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Discussion Starter · #1 ·
We run about 30 hives and I expect to take a few hundred pounds off soon.

We don't have any really good options where extracting is concerned. We wont do it in out house for obvious reasons. There are a few sheds and outbuildings we have access to but they are all very tight where room in concered. We spend about as much time maneuvering as we do extracting. I've thought about just doing an overnight session in our driveway when bees are in the hive. we just have one nuc in our home yard.

Anyone done this?
 

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May get buggy outside at night, bugs in the extractor will make for bug parts in the honey and wax moths in the cappings. Maybe buy a large mosquito canopy and extract in that (day or night)?
 

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We don't have any really good options where extracting is concerned. We wont do it in out house for obvious reasons.\
Can't say the reasons are obvious no.

We extract ours in our kitchen. A room already designed for food prep. We stage full supers on the screened in back porch and usually just carry frames in a few at a time to uncap an put in the extractor. Our uncapping tank sits on our kitchen table (again a surface already used to bearing food stuffs) and puts everything at a good working height. Plenty of light, available water for easy cleanup and keep sticky mess to a minimum.
 

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Discussion Starter · #6 ·
Can't say the reasons are obvious no.

We extract ours in our kitchen. A room already designed for food prep. We stage full supers on the screened in back porch and usually just carry frames in a few at a time to uncap an put in the extractor. Our uncapping tank sits on our kitchen table (again a surface already used to bearing food stuffs) and puts everything at a good working height. Plenty of light, available water for easy cleanup and keep sticky mess to a minimum.
Uncapping and extracting in the house will not work. The work space is too tight and there level of finish is too high. You cannot mop cork floors. Every surface you look at is expensive, new or expensive and new. In my experience there is no way to keep this operation clean.

So, I am not looking for anecdotes about other people using their kitchens. I'd like to know if anyone has tried extracting outdoors, at night or has alternatives. We live in a town house. There just isn't room.
 

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Discussion Starter · #7 ·
May get buggy outside at night, bugs in the extractor will make for bug parts in the honey and wax moths in the cappings. Maybe buy a large mosquito canopy and extract in that (day or night)?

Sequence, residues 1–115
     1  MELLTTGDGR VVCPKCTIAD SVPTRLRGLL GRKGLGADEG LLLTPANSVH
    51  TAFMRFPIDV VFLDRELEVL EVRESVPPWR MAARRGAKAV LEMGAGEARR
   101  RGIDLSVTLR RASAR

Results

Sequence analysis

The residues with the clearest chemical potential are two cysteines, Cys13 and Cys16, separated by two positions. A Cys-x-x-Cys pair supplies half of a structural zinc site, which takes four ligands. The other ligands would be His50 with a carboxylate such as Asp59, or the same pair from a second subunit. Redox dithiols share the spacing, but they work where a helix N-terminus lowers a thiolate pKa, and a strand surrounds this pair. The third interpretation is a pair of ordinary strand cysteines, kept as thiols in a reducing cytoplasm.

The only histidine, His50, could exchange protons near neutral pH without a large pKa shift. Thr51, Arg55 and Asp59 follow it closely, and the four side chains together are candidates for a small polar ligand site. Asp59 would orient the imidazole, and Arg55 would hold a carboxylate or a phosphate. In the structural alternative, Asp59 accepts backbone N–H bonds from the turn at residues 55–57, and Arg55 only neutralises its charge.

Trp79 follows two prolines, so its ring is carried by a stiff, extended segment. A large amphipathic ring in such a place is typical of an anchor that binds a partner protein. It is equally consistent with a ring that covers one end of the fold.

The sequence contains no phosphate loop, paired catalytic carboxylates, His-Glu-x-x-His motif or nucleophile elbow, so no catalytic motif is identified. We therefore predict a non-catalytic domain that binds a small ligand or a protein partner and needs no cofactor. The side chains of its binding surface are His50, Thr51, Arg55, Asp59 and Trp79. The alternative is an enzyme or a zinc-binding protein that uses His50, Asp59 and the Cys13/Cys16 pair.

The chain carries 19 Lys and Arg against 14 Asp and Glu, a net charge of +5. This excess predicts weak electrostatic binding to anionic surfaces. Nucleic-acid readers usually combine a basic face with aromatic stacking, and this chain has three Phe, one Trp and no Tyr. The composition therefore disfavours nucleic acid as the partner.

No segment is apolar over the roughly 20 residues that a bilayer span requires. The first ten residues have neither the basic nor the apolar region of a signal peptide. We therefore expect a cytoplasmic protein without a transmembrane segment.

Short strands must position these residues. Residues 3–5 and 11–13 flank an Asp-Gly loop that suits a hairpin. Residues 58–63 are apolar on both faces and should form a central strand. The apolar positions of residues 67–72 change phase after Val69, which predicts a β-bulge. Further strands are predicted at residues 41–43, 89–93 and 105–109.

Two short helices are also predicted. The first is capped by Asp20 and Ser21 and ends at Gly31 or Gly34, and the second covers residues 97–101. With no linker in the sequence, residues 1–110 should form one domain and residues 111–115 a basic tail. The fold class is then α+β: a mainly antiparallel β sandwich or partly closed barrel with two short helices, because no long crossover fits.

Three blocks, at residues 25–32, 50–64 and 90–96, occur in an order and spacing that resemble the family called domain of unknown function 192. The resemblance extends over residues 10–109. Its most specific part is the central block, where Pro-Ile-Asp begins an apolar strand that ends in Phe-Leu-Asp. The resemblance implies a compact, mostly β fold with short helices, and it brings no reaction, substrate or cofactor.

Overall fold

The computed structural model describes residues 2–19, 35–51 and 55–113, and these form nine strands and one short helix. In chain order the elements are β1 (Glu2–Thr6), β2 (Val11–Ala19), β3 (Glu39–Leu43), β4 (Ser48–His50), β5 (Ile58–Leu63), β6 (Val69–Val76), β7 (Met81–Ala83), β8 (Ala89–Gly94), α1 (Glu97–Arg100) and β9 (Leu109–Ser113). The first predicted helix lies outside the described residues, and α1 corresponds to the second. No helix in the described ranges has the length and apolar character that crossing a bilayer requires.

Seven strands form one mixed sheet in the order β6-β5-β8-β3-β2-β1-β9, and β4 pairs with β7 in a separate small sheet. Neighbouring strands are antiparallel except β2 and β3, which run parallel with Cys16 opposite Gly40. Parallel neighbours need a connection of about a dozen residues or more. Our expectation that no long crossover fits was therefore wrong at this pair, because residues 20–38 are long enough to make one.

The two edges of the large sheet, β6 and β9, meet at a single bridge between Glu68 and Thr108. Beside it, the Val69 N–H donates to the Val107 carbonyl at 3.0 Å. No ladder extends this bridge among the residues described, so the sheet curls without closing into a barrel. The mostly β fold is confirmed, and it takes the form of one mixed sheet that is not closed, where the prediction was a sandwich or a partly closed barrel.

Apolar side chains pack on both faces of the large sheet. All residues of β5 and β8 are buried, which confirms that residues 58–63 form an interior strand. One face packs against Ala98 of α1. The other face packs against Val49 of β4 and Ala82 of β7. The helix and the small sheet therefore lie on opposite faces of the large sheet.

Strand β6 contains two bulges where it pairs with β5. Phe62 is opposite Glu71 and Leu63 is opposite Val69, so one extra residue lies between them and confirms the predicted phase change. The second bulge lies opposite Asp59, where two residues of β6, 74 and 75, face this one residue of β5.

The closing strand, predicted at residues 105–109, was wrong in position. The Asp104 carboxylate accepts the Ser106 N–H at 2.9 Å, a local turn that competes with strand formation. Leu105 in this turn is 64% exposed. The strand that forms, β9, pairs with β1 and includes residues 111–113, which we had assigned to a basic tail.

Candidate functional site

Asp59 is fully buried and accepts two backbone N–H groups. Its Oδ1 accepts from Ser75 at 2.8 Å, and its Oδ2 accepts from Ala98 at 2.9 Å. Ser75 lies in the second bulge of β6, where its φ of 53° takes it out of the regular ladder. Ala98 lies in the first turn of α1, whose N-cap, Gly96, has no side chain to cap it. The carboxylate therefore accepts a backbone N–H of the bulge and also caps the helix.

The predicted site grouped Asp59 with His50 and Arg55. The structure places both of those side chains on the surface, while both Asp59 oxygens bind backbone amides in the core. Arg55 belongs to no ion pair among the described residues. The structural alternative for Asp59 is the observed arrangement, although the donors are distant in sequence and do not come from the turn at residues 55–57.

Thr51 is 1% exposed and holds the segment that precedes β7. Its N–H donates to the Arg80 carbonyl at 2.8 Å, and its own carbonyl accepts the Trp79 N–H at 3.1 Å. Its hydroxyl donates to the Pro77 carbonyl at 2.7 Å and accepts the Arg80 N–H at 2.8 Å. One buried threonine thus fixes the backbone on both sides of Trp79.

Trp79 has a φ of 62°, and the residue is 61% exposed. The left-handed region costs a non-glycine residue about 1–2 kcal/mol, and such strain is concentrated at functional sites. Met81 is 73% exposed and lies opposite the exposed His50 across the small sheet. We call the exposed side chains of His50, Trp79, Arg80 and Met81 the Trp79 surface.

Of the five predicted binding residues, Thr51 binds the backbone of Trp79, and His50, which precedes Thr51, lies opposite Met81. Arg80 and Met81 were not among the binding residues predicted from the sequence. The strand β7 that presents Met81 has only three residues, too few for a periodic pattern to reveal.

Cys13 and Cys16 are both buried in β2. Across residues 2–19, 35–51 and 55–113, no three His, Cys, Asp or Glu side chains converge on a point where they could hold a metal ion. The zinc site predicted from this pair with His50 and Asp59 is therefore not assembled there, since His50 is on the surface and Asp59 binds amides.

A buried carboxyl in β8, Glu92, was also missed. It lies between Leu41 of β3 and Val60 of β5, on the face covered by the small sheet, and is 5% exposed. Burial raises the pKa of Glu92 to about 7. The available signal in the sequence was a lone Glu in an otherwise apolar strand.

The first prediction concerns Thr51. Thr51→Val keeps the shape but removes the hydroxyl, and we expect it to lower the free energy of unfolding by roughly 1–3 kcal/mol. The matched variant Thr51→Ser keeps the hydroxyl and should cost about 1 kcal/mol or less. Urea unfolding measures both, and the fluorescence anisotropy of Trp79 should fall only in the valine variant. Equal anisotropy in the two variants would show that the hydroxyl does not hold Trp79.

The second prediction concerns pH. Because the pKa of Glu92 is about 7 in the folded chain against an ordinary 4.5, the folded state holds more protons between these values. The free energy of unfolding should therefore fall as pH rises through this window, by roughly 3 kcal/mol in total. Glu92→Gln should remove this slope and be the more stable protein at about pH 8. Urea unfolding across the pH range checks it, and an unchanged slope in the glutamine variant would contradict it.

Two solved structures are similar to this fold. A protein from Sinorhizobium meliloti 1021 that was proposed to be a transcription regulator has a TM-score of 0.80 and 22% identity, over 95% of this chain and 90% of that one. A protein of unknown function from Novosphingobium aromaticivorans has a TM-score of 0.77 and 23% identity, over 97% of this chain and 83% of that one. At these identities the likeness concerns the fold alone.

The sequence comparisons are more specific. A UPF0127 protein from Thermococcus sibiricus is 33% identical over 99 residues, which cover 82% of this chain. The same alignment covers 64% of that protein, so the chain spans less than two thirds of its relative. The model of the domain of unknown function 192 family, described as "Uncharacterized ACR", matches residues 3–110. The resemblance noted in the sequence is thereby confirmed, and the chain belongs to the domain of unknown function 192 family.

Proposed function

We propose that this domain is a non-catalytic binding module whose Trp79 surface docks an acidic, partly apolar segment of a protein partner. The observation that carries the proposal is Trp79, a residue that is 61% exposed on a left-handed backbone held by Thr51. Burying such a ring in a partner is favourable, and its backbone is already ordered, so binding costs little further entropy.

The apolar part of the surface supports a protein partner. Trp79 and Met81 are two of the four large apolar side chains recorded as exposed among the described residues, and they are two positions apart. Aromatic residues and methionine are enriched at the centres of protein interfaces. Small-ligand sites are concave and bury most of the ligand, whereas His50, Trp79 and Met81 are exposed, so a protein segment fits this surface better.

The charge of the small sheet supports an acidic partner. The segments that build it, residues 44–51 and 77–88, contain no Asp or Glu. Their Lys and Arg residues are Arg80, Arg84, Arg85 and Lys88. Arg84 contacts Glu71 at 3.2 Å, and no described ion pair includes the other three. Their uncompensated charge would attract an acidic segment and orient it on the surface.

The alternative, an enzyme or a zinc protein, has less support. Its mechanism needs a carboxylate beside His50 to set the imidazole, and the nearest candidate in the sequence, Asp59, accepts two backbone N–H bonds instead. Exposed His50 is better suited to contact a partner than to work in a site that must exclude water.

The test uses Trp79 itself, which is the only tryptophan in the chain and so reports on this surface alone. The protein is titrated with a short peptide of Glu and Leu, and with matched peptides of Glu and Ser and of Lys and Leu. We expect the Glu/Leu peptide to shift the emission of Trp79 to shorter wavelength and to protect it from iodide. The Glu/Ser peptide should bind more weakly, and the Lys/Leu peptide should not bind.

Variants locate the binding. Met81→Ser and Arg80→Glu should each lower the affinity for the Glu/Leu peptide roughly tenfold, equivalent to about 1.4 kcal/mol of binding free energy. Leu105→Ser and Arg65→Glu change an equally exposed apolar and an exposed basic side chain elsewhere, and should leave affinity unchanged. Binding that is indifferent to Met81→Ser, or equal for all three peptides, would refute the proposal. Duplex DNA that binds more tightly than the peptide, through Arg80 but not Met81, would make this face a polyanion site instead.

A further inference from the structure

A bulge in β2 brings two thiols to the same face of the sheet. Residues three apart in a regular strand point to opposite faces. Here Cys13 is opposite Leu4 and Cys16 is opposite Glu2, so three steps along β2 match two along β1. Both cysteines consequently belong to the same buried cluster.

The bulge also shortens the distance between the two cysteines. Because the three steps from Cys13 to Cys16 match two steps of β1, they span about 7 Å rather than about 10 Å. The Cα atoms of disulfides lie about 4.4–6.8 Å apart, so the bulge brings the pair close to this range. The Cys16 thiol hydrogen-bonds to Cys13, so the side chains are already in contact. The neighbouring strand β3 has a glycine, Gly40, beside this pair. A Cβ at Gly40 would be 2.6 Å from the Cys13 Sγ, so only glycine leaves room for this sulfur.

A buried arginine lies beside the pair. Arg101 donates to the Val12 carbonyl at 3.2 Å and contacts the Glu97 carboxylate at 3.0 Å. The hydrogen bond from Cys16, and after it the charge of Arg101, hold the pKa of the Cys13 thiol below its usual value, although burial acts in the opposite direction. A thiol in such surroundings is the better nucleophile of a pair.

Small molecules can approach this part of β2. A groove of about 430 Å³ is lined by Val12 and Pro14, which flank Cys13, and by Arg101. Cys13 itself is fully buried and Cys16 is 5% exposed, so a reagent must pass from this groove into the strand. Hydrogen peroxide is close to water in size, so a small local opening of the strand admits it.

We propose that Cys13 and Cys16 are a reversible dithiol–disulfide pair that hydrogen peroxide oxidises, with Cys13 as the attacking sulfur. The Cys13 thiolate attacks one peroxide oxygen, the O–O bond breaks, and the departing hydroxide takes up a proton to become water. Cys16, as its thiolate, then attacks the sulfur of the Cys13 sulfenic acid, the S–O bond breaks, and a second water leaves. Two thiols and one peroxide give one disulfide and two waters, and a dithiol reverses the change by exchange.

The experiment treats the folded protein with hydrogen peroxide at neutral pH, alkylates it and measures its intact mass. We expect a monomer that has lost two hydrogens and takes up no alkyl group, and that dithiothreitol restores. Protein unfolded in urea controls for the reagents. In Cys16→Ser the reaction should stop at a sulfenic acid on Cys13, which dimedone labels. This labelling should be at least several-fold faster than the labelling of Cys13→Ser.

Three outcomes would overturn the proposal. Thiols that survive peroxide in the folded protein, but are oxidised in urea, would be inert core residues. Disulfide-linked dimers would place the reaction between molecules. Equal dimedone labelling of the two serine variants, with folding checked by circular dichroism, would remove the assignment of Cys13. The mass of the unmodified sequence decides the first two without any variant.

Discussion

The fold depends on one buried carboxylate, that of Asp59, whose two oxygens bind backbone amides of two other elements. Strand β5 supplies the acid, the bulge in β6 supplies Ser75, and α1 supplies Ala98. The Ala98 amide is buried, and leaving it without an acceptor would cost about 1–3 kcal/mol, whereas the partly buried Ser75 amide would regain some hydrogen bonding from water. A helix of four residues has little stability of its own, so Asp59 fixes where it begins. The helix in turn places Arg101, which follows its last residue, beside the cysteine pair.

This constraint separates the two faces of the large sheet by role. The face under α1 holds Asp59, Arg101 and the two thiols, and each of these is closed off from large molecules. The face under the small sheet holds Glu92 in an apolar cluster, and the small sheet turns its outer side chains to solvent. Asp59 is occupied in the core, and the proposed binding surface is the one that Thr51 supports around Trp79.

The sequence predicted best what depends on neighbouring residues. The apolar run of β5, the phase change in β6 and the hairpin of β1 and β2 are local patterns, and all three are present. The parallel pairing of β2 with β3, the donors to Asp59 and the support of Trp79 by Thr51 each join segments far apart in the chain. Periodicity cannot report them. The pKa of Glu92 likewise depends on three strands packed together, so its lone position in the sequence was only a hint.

I am not sure how we'd wind up with wax moths from this operation but the buggy thought is a good caution. We may try and borrow a greenhouse from a farm we supply services. '

Has water, is as big as a hanger.
 

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Extracting at night.....? Around here, it never fails to get dark at night. An absents of light could be a big problem for me. :D
 

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I'd like to know if anyone has tried extracting outdoors, at night or has alternatives. We live in a town house. There just isn't room.
I have not extracted at night, although I have worked the bees at night. It is not a process which i would recommend.

Attracting bugs with the lighting required at night would seem to be a significant draw back to trying to do this at night and or outdoors.

There are several videos of people on youtube that have used a garage that normally serves as a garage as an extraction area. Some even detail how they go about moping floors etc to cleanup before they start.

As I find it highly unlikely that you keep 30 hives around a townhouse setting, it is somewhat implied then that you will be transferring your several hundred pounds of honey to your extraction location (ie its not just a few yards across the bee yard to the extraction point). IF that is in fact the case, I would much prefer to call in a favor with a friend with a larger kitchen and or garage or other suitable indoor space to do the extraction than to try to do it outside at night.
 

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I am not sure how we'd wind up with wax moths from this operation.
Becasue they fly at night and the smell of that wax and honey will bring them in from miles away. In a strong hive....the bees keep them at bay and wont let them in but a weak hive or open supers are an open invatation.